The Arab fighters were brought to Libya from Syria by Turkish military company Sedat, whose founder, Adnan Tanriverdi, is a military advisor to Erdogan. Tanriverdi’s relationship with Turkey could be likened to Wagner’s Evgueni Prigojine and Russian President Vladimir Putin. Wagner fighters are deployed for the opposite camp, alongside General Haftar forces.
By relying on mercenaries Turkey aims to avoid public anger by sparing the lives of its own soldiers. However, the use of this type of mostly undisciplined out-of-control “soldiers” is likely to end up alienating the local population.
On an operational level, the presence of mercenary troops does turn out to be a liability for the forces loyal to the GNA.
“On the different frontlines, fighters did not always receive a warm welcome because their presence only adds to the disorder and lack of coordination between the Tripoli defense units, even though they are more motivated and more combative than those supporting Haftar,” wrote Bensaad.
Furthermore, the lack of air cover renders the GNA forces more vulnerable as they are confronted with a disadvantage vis-à-vis the NLA. A disadvantage that Haftar forces are exploiting in their attempt to seize the capital Tripoli in an ultimate battle to exert control over Libya.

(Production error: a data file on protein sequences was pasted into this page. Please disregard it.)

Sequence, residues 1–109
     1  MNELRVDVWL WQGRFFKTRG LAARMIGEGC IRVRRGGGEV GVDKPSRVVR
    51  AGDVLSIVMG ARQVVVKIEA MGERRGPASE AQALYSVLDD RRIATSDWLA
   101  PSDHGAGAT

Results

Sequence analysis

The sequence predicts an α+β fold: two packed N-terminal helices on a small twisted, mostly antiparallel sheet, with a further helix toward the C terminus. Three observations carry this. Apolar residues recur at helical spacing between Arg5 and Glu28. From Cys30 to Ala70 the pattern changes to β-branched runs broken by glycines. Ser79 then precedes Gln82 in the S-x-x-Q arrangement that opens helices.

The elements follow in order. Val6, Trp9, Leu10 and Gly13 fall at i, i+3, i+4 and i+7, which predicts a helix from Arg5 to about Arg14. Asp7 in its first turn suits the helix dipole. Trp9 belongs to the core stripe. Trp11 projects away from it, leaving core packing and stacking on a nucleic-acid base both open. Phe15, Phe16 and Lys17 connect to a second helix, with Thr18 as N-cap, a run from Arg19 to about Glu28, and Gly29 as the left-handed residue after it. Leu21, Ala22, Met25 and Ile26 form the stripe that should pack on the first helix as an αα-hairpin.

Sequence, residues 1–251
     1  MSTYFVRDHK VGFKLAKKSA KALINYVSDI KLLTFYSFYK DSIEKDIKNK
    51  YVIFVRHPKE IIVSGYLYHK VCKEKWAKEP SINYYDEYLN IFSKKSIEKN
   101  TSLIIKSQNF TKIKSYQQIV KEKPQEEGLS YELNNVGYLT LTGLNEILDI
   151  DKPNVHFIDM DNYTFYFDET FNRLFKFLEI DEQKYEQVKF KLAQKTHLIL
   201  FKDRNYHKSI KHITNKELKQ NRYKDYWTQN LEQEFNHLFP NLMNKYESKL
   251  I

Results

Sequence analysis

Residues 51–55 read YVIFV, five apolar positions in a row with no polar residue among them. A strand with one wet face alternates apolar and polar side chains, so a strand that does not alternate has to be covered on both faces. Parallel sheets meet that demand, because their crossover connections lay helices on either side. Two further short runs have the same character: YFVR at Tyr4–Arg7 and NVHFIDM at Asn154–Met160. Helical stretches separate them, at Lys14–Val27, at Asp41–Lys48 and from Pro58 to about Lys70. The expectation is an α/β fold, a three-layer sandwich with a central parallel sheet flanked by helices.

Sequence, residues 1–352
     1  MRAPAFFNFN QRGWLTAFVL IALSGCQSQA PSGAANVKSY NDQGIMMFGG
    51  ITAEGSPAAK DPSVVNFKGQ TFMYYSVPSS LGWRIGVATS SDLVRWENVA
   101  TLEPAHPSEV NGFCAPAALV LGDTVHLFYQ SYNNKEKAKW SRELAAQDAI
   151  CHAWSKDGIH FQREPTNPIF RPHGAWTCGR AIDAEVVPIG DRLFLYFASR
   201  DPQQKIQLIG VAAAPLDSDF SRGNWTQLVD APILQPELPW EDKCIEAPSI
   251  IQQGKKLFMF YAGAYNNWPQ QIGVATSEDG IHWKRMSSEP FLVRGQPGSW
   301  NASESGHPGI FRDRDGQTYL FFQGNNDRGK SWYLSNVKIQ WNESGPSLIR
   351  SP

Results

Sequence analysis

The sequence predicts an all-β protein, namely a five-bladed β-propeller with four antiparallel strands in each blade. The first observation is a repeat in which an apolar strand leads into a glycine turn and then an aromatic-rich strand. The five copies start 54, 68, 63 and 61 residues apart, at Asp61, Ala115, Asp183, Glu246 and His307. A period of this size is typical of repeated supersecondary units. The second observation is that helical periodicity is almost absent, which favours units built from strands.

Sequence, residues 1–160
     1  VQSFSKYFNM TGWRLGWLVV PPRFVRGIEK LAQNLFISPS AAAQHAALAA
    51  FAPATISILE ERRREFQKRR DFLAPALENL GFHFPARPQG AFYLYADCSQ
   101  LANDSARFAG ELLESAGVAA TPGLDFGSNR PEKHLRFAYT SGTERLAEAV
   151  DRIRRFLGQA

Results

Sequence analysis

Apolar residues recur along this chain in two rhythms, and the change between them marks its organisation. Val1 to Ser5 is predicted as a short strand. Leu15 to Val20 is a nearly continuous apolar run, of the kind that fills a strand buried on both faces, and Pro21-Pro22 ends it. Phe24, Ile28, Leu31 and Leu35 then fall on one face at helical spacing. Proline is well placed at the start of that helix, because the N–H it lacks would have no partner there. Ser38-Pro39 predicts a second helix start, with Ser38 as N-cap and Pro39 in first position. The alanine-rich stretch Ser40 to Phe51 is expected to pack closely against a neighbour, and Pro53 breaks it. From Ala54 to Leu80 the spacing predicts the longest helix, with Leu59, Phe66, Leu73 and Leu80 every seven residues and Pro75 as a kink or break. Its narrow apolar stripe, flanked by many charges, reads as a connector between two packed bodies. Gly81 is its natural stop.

With every military advancement, the Haftar forces make they are not only scoring points against the GNA but also against their Turkish backers, threatening to make the Turkish role in Libya another failed military adventure for Erdogan.
“Even the least capable international observer could have seen that becoming allies with a rapidly unraveling, moribund political entity in Tripoli facing the rival General Khalifa Haftar, supported by Russia, France, Egypt, Saudi Arabia, and the UAE, was bound to be a disaster,” Corlu emphasized.